We loved exploring the Bureau of Land Management (BLM) area in the North Maricopa Mountains Wilderness, part of the Sonoran Desert National Recreation Area.
We bounced along a dusty rugged 4WD road to get to the trailhead for Margie’s Cove, spotting a roadrunner on the way, and crossing a number of dry washes. The saguaro cactus dominated the landscape, along with some mesquite and creosote bushes. Recent rains started flowers blooming…
…and we spotted gray fox, jackrabbits, kangaroo rats, butterflies, hummingbirds, cactus wrens, and lizards.
There were remnants of past ranching activity, but the area is protected now. Cattle can be rough on the saguaros! Saguaros are very slow growing plants, taking up to 10 years to grow to just one inch, and 70 years to reach six or more feet in height. The pleats in their skin allow for expansion when there’s ample water, and they have a strong skeleton of wood – which you can see from the remains of this dead saguaro.
Saguaros can sprout arms when they are over 50 years old, with the same kind of wood structure underneath.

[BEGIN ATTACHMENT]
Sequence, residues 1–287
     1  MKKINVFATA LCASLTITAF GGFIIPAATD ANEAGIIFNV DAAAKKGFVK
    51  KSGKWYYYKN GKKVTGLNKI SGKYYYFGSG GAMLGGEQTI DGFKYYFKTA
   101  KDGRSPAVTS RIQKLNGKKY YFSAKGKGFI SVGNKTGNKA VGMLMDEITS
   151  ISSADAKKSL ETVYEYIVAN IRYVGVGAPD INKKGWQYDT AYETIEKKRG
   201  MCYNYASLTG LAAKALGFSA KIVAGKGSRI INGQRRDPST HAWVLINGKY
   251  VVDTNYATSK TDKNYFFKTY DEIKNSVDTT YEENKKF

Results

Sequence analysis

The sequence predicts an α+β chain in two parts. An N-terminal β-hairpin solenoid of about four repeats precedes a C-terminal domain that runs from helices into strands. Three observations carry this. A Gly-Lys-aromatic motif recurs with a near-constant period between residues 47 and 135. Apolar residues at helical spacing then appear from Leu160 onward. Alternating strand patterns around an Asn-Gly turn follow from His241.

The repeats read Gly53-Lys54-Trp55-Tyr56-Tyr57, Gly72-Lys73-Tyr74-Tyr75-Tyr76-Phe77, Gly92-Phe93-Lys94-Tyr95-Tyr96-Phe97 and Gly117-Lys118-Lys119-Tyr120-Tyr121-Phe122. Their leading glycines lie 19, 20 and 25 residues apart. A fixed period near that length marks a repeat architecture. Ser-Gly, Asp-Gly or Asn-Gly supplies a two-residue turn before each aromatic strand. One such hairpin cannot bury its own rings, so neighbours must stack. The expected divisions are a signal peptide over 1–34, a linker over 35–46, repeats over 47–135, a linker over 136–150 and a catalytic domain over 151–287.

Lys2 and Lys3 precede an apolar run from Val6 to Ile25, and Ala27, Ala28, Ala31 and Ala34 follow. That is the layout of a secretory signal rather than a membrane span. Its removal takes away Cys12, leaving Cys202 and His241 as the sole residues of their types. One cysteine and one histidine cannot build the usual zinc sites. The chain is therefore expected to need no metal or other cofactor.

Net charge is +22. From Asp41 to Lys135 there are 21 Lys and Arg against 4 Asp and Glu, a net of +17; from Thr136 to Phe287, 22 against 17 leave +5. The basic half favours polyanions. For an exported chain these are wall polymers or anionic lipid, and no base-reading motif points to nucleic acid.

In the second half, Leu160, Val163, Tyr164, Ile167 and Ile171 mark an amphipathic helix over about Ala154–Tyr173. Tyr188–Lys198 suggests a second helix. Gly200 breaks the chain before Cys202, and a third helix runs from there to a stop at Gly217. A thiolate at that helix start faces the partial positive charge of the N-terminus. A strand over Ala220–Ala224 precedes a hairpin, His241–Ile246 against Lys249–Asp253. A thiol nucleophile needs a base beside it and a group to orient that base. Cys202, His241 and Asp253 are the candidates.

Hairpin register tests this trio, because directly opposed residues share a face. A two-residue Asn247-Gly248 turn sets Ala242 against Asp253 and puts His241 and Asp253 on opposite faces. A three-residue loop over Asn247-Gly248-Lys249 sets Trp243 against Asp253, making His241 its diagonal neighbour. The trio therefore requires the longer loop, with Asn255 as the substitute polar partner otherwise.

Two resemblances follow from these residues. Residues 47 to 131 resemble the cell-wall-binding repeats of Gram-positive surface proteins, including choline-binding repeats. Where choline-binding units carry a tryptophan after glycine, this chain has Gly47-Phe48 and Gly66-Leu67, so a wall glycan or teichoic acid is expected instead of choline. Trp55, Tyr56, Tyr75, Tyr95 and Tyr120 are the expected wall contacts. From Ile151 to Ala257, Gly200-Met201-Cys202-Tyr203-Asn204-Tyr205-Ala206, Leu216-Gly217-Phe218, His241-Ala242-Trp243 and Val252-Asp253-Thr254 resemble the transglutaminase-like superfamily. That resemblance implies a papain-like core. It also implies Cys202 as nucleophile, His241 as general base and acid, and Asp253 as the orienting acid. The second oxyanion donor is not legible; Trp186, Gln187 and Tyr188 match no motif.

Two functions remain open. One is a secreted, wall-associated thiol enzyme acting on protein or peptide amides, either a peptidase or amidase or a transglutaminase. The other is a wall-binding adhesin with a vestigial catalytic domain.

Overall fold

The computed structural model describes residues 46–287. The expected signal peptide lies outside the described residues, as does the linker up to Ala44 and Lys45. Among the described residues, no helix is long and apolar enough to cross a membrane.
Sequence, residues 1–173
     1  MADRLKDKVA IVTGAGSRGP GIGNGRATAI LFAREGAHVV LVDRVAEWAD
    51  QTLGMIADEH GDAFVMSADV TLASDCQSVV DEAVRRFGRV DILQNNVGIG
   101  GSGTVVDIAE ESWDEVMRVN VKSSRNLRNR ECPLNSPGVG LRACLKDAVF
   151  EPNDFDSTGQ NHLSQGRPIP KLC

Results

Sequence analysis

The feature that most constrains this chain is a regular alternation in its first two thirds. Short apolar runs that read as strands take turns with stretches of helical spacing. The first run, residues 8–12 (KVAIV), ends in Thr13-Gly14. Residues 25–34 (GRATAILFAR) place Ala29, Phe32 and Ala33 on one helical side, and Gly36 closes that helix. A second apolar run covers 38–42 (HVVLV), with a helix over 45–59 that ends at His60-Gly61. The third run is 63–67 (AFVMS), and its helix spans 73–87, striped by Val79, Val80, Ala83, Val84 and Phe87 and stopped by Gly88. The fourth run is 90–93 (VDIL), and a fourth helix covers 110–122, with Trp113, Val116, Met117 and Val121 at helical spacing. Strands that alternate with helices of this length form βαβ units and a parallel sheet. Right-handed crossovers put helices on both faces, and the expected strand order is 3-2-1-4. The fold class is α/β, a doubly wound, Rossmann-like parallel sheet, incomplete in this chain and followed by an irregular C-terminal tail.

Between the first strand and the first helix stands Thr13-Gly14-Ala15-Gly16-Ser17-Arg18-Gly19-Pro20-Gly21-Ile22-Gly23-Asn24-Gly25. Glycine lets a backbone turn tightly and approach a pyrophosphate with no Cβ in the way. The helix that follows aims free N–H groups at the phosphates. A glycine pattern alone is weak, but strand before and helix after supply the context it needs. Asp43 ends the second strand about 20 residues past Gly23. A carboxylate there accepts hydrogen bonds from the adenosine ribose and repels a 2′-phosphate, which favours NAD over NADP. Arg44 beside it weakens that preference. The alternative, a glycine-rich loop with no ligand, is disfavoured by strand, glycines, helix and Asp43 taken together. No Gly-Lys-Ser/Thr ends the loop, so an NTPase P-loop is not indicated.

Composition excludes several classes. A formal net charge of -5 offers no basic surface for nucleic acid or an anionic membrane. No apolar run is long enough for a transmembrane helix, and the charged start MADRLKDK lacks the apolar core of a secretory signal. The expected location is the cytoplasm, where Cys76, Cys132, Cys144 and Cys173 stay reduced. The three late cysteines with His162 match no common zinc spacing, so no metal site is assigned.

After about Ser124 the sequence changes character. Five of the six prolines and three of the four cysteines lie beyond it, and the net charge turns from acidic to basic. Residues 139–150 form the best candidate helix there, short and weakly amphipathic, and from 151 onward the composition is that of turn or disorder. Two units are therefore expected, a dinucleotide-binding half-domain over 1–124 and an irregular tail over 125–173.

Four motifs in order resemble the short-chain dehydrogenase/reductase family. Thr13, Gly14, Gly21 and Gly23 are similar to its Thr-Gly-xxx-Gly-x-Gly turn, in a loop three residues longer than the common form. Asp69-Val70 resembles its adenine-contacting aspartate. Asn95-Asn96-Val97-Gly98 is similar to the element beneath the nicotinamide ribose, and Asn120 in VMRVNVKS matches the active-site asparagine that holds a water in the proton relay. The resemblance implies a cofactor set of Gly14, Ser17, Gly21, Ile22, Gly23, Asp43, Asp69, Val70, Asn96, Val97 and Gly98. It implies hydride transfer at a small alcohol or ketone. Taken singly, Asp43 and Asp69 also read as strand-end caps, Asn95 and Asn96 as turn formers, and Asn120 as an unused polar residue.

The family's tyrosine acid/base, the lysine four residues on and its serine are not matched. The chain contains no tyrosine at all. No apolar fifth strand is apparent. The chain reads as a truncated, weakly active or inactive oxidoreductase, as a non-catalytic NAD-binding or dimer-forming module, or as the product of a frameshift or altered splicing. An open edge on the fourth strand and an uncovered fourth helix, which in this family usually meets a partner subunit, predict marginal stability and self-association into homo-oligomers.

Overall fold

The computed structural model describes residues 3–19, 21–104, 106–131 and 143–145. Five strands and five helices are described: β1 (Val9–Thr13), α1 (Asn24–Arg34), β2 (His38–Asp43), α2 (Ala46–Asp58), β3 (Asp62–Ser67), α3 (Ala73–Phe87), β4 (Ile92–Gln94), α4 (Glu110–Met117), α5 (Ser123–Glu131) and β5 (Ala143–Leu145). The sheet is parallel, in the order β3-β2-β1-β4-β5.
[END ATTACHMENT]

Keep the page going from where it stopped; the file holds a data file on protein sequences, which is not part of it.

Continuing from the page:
These cactus grow to 40 feet in height, and they can live for 150-200 years. They’re magnificent! Other types of cactus dotted the landscape such as cholla and fishhook barrel cactus – some with fruit.
Another interesting BLM site in the area was the Painted Rock Petroglyph Site, a place of significance for local native people. The petroglyphs were made by the Hohokam people between 350-1400 AD, and this site has over 800 distinct glyphs. The overall site isn’t very big – the trail around the rocks is only 1/4 mile, so it’s interesting that there are so many concentrated here. There are other petroglyph sites in the region, but none have as many as this one.